Concerns and controversy are swirling around the decision by the Federal Aviation Administration (FAA) to alter an electrocardiogram test limit for pilots.
A researcher for an aviation advocacy group, US Freedom Flyers (USFF), stumbled upon the EKG change in December, several weeks after the FAA enacted it.
Because the revision was made without a published explanation, USFF turned to a nationally known cardiologist and other experts to assess its importance.
They say the FAA’s change involving “the PR interval” is significant. The PR interval represents the time it takes for an electrical impulse to travel from one part of the heart to another. It is an indicator of heart health.
But “the new normal” PR interval that the FAA set for pilots is 50 percent longer than the previous limit; it deviates from a long-accepted limit in cardiology.
Critics fear that expanding the limit could endanger pilots’ health and passengers’ safety.
This worry is especially acute amid rising reports of cardiac arrest and sudden death since the COVID pandemic began in 2020. Some researchers suggest that some heart conditions could be tied to aftereffects of COVID-19 injections or the virus. Because pilots were threatened with job termination, a large percentage of them took the COVID jabs.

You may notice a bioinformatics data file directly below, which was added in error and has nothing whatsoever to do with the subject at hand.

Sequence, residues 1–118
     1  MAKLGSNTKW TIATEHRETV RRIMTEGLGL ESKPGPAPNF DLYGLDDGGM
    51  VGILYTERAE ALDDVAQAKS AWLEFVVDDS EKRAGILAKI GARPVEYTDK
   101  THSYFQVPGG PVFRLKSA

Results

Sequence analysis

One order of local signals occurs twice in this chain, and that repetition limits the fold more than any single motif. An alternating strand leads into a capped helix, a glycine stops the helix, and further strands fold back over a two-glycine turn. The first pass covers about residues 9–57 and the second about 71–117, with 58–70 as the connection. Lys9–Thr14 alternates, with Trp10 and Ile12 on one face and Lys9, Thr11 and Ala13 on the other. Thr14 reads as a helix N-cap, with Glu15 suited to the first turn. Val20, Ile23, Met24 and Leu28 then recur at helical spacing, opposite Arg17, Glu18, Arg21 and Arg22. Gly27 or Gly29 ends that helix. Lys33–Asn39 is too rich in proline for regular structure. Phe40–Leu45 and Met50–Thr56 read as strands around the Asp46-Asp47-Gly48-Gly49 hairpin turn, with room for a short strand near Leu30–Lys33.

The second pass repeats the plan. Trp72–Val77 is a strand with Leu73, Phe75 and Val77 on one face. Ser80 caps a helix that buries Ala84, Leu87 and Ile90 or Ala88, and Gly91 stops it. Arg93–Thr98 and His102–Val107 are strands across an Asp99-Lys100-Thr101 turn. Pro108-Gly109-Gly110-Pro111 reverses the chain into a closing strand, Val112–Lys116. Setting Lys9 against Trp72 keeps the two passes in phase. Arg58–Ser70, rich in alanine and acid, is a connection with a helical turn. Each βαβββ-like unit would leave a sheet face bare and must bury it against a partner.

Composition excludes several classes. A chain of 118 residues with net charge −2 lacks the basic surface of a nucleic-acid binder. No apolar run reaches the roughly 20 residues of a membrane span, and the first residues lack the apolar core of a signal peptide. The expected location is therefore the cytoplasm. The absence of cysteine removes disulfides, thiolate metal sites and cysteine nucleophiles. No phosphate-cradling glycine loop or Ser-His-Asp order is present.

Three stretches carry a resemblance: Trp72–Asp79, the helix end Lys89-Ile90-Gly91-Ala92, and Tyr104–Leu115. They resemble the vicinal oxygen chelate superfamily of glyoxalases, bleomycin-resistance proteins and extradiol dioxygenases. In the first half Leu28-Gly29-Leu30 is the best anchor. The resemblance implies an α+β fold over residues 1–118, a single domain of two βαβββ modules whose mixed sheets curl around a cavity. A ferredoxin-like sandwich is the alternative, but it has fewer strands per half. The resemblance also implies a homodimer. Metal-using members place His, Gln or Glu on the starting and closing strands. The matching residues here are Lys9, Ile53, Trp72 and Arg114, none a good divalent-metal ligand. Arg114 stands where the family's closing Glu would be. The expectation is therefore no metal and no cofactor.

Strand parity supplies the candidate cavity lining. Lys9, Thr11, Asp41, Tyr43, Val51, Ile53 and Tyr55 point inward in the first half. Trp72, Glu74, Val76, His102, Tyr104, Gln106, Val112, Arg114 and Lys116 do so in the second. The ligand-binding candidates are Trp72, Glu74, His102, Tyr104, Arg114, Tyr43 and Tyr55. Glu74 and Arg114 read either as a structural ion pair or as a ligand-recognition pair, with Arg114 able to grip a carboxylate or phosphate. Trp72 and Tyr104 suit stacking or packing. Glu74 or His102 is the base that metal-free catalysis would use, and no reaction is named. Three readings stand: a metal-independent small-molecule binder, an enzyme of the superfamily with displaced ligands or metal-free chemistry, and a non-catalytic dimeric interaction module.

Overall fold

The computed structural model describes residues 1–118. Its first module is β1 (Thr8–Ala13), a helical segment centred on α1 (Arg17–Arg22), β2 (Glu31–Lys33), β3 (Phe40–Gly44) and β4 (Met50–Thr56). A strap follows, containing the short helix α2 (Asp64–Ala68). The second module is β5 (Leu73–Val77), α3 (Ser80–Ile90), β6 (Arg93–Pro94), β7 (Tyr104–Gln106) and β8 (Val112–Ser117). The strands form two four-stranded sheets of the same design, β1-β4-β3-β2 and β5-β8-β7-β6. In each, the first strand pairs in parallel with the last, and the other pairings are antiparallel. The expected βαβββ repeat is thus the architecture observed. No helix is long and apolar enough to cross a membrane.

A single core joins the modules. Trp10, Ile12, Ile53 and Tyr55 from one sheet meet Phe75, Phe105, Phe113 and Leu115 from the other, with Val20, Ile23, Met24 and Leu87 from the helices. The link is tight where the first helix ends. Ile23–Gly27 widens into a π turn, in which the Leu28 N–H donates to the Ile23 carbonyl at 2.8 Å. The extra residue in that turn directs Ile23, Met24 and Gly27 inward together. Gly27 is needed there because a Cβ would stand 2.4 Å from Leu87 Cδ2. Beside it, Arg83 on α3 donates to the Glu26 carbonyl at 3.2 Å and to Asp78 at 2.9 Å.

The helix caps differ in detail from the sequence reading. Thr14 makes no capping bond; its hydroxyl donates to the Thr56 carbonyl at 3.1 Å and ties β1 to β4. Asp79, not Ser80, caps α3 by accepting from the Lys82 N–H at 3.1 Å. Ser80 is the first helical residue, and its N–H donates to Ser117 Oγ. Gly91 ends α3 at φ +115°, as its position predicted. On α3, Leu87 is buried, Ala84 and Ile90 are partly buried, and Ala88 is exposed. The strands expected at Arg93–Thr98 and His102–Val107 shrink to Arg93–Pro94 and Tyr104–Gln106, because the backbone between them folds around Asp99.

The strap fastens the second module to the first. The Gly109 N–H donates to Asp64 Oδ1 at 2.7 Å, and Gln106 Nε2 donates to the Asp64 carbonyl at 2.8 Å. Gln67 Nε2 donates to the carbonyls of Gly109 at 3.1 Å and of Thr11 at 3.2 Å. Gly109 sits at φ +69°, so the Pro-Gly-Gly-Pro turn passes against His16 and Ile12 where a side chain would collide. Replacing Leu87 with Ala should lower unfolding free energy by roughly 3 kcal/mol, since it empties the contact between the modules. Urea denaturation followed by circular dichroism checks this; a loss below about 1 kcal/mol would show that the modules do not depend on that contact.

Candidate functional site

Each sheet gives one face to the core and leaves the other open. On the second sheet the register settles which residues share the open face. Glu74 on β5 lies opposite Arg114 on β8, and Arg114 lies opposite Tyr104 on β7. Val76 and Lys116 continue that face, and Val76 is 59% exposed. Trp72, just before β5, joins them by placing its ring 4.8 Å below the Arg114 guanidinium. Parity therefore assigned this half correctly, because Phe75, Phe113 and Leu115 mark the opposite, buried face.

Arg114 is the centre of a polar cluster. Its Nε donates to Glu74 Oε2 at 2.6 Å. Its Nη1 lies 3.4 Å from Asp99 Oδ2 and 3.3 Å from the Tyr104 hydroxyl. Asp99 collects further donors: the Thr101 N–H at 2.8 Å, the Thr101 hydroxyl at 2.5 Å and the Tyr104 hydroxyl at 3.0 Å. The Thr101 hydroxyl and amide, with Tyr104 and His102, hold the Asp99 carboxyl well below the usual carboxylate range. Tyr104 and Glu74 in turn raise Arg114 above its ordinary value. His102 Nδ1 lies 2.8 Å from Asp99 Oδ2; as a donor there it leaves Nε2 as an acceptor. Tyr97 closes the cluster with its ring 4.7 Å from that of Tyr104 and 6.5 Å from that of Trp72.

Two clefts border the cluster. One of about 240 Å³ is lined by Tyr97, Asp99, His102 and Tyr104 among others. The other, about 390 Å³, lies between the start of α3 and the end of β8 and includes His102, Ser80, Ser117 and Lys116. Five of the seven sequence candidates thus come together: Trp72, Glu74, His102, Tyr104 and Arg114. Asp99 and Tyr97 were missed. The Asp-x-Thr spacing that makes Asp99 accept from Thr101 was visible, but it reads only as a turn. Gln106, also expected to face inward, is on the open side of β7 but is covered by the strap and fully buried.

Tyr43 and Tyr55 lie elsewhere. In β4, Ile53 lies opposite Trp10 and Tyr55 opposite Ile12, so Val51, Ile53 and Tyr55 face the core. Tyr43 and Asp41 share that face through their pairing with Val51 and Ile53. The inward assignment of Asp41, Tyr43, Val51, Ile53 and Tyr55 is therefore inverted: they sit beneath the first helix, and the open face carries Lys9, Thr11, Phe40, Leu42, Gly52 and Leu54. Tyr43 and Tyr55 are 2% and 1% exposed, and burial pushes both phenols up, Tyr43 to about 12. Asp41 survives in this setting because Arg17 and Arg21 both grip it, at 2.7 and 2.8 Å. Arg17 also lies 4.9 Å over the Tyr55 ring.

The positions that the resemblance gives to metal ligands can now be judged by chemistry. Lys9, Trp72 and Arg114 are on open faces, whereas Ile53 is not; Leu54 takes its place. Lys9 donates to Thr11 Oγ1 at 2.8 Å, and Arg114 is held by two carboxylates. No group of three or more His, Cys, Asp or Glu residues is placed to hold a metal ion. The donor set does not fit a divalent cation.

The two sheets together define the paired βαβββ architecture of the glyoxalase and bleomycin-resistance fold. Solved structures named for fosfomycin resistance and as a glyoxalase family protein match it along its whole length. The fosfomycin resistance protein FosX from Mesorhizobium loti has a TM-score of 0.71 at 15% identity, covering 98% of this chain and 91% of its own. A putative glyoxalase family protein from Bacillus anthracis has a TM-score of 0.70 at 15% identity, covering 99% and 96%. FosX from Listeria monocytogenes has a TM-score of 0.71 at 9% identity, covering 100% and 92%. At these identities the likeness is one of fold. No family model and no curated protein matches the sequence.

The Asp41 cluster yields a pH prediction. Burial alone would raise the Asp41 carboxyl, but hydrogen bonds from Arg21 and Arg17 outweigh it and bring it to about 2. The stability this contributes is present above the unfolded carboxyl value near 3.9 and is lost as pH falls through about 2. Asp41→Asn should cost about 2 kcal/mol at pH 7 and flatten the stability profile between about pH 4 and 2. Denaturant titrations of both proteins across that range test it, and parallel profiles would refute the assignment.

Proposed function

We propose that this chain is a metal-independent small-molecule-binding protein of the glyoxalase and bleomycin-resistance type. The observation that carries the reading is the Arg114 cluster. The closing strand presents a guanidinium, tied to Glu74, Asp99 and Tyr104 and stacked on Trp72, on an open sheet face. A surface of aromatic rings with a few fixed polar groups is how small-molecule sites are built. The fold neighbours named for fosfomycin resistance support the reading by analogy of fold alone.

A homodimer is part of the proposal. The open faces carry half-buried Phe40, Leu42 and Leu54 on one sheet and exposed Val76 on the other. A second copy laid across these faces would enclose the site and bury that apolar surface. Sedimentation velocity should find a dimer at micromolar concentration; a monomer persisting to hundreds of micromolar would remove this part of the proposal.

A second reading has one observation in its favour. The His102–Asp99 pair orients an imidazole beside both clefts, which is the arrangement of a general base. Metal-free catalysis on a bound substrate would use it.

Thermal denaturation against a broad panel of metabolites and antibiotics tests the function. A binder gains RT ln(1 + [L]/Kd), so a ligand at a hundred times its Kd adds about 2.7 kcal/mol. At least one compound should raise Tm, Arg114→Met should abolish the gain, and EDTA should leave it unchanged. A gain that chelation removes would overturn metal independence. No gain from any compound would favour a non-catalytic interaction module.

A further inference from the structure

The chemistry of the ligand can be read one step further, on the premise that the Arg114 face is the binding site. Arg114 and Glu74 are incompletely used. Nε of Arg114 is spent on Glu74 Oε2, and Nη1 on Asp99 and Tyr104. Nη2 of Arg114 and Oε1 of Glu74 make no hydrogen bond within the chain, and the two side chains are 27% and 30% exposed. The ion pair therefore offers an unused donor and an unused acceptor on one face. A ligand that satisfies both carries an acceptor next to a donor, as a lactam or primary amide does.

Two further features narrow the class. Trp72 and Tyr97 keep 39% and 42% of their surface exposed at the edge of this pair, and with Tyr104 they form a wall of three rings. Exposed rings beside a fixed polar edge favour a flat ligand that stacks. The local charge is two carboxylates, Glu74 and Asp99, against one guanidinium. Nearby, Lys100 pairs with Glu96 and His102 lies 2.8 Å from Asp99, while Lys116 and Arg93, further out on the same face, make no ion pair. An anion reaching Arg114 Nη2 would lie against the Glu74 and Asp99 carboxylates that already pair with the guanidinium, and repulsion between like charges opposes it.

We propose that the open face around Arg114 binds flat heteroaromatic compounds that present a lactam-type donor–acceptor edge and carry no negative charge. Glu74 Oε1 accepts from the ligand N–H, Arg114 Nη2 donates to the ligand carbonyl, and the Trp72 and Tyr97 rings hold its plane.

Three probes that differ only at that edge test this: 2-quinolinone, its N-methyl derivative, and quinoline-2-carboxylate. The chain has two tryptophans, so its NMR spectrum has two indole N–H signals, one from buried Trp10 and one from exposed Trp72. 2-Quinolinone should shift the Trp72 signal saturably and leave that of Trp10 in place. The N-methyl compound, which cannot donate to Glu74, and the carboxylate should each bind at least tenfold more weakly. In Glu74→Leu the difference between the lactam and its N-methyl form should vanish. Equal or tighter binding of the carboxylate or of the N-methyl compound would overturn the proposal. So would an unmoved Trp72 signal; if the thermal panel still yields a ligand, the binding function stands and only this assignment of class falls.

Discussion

These factors make a very worrisome mix, said Josh Yoder, a commercial airline pilot who heads the USFF advocacy group.
“This is a ticking time bomb on a level like we’ve never seen,” he told The Epoch Times in an interview.
Yoder and others say the FAA should be held accountable for relaxing the EKG standard. They say the new standard increases the odds that a pilot’s heart condition would slip past, undetected and untreated, setting the stage for disaster.
In an email to The Epoch Times on Jan. 17 the FAA, repeating language it sent out four months ago, said there is “no evidence of aircraft accidents or incapacitations caused by pilots suffering medical complications associated with COVID-19 vaccines,”
Critics allege that the FAA has found no such evidence because no investigation has been done.
Regarding the revised EKG standard, the FAA said: “When making changes to medical requirements and guidance, the FAA follows standard processes based on data and science.”
But the FAA has yet to reveal what data drove its decision to allow COVID injections for pilots. The agency has not disclosed the reasons for changing the acceptable range for pilots’ PR intervals.